FIGURE 2: Reasons why water utility customers participate in energy-efficiency programs

The E Source Business Customer Insights Center compiles the data from our Large Business Gap and Priority and Small and Midsize Business Gap and Priority benchmarks into an online dashboard that enables users to browse the data with business-size and sector filters. Of the water utility customers who responded to our question “What would be the top three reasons your business would participate in an energy-efficiency project through your utility?,” 55 percent reported they would do so to get a return on investment or payback. Other top reasons are shown in the word cloud below, where the size of the response correlates with the popularity of the answer.
Word cloud showing the reasons water utility customers participate in EE programs: Get a return on investment or payback, Take advantage of utility rebates or financing, Reduce the need for maintenance or maintenance costs, Conduct facility renovations or upgrade equipment, Address concern about environment or sustainability, Enhance my customers’ experiences.

Not surprisingly, the same data revealed that the respondents who weren’t participating in a program felt that the largest barriers were also financially focused (Figure 3). These data suggest that while water utilities and their staff are eager to optimize their systems, inadequate funding for upgrades hinder advancement—an imbalance that well-crafted incentive programs could remedy.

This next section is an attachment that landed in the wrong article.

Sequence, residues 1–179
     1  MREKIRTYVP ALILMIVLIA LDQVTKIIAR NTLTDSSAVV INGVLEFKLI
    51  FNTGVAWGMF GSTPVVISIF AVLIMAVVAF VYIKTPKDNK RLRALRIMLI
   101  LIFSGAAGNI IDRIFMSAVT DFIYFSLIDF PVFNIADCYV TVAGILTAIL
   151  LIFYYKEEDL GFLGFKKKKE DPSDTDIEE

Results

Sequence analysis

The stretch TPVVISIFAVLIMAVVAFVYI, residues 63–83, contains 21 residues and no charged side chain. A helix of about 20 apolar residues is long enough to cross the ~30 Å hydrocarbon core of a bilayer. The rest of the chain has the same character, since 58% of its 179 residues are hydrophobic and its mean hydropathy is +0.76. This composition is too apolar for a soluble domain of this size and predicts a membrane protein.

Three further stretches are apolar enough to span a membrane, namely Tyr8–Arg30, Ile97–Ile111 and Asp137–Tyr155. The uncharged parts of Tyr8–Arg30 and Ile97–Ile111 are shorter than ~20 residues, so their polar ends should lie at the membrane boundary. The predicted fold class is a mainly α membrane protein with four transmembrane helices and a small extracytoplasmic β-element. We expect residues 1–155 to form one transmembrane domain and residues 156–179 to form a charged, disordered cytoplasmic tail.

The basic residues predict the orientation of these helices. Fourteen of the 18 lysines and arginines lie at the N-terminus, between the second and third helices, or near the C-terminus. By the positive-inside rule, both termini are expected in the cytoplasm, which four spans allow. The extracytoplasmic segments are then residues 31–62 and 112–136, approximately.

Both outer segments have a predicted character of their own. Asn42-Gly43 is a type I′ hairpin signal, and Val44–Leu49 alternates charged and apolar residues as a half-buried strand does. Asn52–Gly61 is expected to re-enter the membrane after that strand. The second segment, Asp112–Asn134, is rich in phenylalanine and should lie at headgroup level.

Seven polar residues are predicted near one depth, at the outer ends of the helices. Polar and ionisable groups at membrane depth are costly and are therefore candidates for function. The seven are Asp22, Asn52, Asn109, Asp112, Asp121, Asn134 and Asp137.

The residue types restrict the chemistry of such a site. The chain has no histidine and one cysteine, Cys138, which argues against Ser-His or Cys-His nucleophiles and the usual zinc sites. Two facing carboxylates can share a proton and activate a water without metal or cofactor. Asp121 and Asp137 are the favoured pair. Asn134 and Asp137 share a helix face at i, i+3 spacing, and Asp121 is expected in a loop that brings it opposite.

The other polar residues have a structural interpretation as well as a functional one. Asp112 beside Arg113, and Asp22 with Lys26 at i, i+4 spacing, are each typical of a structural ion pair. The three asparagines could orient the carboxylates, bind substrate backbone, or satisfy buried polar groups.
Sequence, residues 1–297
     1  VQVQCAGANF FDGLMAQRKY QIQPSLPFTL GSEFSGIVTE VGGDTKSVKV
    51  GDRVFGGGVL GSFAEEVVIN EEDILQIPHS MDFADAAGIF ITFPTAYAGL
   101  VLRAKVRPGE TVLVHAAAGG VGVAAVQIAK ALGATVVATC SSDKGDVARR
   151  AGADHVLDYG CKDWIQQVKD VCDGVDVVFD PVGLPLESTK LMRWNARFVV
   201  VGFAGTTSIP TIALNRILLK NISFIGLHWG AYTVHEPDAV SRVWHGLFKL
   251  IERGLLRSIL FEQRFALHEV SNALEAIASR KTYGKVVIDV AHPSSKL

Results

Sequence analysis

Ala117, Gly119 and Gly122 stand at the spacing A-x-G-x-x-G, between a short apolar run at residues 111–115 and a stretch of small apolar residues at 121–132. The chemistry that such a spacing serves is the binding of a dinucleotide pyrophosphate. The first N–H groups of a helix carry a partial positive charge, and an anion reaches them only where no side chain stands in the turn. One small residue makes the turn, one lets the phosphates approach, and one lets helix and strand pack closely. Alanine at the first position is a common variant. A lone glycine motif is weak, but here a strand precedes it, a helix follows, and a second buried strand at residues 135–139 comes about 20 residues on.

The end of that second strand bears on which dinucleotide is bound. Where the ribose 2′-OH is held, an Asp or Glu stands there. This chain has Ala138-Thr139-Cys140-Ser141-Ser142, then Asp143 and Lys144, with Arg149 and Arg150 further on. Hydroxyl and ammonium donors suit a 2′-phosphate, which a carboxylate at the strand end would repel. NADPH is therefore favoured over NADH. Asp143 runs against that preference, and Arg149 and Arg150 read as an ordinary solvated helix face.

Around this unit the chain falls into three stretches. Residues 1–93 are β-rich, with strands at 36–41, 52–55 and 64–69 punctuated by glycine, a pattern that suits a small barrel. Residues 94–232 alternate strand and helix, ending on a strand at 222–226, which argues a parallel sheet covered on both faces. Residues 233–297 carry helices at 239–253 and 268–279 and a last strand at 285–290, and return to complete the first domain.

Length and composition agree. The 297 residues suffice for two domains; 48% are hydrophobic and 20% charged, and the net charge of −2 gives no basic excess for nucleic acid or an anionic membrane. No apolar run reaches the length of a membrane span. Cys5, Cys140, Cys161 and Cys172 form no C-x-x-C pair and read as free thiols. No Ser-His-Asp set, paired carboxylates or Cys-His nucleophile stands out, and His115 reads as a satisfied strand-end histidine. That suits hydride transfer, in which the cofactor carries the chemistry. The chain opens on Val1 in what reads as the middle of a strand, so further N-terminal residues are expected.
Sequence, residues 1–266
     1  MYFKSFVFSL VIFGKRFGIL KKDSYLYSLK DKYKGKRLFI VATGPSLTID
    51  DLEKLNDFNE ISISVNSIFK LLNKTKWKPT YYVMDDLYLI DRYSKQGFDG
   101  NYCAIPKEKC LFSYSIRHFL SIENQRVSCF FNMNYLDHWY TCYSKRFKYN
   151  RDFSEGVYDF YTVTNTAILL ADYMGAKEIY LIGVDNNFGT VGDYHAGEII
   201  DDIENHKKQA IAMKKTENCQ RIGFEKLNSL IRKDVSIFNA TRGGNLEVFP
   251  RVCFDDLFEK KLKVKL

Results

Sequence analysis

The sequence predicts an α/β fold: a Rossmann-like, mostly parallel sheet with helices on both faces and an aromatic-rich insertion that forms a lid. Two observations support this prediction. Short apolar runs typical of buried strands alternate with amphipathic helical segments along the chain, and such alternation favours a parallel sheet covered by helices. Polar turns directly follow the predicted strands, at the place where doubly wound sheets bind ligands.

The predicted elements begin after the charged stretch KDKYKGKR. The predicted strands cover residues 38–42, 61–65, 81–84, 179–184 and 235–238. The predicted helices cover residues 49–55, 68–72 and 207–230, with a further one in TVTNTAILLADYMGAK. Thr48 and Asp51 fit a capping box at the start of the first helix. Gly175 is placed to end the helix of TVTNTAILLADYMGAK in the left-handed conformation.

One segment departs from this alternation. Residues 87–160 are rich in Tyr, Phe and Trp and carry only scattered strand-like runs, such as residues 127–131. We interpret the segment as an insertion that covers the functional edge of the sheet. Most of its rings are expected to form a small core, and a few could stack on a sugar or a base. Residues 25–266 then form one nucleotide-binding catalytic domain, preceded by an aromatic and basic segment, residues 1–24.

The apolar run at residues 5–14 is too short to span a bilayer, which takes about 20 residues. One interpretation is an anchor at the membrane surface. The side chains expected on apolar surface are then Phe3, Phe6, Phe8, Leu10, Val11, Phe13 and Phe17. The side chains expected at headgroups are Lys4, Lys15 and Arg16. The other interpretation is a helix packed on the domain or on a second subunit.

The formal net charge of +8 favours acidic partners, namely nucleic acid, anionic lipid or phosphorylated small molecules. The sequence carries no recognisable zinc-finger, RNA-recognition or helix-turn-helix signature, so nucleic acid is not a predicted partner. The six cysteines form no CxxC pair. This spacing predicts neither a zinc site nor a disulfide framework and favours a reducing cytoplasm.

FIGURE 3: Barriers to water utility customers participating in energy-efficiency programs

Of the water utility customers who responded to our business customer satisfaction survey question “What were the barriers, if any, to participating in an energy-efficiency program through your utility in the past 12 months?,” 23 percent reported that utility incentives weren’t robust enough to justify moving forward. Other barriers are shown in the word cloud below, where the size of the response correlates with the popularity of the answer.
Word cloud showing the barriers to water utility customers participating in EE programs: The utility incentives weren’t robust enough to justify moving forward, We had no budget to engage in energy efficiency, Their programs were not a good match for our business, We couldn’t get enough reliable information about the programs, Up-front costs were too high, It was too much of a time commitment, We participated in the past and all cost-beneficial programs were exhausted.

I’m so excited to have gathered bigger-picture information on the water-energy nexus in my report, but I’m also looking forward to diving even deeper into the technologies and strategies that could help us reduce the waste of water and energy—two of our most precious resources. If your utility has been working to address the water-energy nexus (or even just thinking about it), we’d love to hear what opportunities and challenges you’ve faced so far, and what information we can provide to best help you in 2017. Leave a comment below or send us an email!

Contributing Authors

Editor, Editorial

In January 2019, Logan Jacobson began working as a content manager with E Source. Previously, she researched energy-efficient technologies...